The interview below features former director for Planned Parenthood Abby Johnson, who became a strong pro-life advocate after assisting with an abortion which she also watched on an ultrasound monitor. All the material in the interview is important, but at least three items are worth special mention here.
- Ms. Johnson points out that one of the goals of Planned Parenthood is “to make money, and the way they make money is to increase the number of abortions they do.”
- She watched the unborn baby fight for her life.
- Planned Parenthood does not want their employees to see what happens in an abortion and has placed a restraining order on Ms. Johnson.
In many corners of Western Christianity it has become very unpopular to speak candidly of sin and transgression. Critics of sin-talk remind us that it is, of course, an offensive topic that reminds people how bad off they really are. Thinking about sin makes people uncomfortable and depressed. Therefore, they say, we shouldn’t bring it up. Instead, let’s simply talk about how sweet Jesus is and how important it is for us to be like him. The problem with such treacle is that it is not much Christian. It is sentimental moralism that sees humanity’s biggest problem as not following Jesus’ example. It fails to recognize that we do not need mere example; we need redemption.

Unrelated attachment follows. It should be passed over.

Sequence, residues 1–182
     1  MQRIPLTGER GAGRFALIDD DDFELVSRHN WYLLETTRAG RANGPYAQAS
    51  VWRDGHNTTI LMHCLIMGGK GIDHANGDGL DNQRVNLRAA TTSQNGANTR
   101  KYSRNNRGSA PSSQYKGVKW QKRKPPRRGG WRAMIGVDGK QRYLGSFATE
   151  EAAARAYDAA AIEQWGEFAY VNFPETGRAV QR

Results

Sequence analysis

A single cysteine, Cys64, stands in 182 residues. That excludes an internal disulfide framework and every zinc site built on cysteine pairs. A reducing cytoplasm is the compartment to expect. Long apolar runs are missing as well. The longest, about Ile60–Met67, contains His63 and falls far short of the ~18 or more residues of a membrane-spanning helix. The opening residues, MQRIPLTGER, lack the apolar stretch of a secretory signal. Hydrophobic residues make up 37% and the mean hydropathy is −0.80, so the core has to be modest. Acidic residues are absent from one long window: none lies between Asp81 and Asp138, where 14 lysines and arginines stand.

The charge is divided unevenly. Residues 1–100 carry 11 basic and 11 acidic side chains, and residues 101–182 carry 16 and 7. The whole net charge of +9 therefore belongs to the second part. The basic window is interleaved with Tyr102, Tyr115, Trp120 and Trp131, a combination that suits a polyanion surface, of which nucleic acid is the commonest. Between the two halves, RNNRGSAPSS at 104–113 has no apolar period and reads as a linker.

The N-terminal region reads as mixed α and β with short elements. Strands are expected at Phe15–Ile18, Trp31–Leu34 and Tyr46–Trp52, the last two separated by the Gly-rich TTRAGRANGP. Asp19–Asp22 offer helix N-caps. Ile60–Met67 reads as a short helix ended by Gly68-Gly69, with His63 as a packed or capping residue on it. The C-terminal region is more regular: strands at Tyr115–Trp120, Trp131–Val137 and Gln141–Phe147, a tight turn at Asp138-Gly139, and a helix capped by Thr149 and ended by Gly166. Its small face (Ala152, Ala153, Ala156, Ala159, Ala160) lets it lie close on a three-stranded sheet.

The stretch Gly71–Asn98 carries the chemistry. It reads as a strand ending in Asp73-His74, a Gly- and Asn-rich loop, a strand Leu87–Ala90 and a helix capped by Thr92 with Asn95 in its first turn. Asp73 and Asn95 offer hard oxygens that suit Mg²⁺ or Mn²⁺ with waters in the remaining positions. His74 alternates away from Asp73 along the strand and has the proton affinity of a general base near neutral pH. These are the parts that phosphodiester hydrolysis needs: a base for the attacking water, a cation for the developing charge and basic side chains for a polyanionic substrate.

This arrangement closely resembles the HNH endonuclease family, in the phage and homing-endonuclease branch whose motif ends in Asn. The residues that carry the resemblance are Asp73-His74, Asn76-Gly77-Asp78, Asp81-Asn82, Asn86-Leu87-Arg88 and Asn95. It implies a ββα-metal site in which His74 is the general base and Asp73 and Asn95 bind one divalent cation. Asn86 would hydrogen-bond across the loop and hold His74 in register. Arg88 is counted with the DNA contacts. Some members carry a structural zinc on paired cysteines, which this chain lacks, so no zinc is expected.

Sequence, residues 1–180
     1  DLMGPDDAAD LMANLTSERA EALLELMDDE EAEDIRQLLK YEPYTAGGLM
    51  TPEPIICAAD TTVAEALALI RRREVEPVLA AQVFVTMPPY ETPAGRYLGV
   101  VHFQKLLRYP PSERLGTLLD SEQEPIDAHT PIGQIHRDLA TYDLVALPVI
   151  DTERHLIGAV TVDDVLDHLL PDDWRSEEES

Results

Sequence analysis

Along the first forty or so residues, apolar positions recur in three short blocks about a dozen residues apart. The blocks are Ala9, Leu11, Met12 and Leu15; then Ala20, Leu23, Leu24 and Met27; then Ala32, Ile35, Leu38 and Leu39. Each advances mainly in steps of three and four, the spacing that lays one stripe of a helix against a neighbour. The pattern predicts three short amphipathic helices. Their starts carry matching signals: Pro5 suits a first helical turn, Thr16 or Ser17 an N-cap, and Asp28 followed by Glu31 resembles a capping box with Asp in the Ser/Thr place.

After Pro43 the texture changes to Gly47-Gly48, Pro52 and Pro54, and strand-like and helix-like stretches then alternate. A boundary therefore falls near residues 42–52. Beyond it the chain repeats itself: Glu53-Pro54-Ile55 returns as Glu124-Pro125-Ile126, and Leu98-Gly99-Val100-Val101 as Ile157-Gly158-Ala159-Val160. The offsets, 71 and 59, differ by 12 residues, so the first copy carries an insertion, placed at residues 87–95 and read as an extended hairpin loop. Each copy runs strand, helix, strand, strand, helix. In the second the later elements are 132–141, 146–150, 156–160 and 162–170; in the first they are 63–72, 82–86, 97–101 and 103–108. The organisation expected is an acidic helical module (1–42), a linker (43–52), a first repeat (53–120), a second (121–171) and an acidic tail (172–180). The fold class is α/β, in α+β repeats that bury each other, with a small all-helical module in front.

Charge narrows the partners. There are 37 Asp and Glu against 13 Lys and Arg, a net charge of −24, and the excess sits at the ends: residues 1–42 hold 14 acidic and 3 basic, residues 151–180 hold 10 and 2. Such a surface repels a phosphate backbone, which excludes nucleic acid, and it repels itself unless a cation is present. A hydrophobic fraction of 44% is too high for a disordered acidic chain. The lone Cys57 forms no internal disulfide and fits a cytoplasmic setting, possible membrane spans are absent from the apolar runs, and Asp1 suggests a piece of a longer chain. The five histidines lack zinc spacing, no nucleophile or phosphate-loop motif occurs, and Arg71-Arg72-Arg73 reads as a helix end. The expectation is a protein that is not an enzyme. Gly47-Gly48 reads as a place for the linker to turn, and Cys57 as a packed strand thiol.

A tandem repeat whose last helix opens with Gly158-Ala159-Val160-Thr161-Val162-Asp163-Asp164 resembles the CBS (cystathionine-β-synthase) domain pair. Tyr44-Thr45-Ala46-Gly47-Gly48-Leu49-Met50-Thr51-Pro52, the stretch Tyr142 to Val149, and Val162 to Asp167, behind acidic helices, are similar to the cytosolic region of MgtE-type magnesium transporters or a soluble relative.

Further, such talk fails to comprehend the relationship between the ugliness of sin and the sweetness of Christ. Only with a growing understanding of our own depravity can we gain a deeper and more profound appreciation for the beauty of Christ. The scriptures remind us that one who will die for a good man is a rare find. If you are looking for someone who will offer himself for an evil man, well, don’t hold your breath. The great glory and grace of the cross comes with a deeper recognition of just how opposed to God the guilty sinner really is. Scripture describes us as “enemies” of God and “children of wrath.” When we begin to see how deeply we have offended God and how much we deserve his righteous wrath, then we will see the beauty of Christ in new and deeper ways. He is the one who bore his own just wrath in our place. The offended took the place of the guilty. He is the one who died for bad men and women. And he is all the more glorious and beautiful for it. We do speak of sin for its own sake. We acknowledge its reality to the end of having a deeper grasp of the majesty, of the magnificence, of the splendor, of the wonder, of the grandeur, of the glory, of the grace of the person of Christ.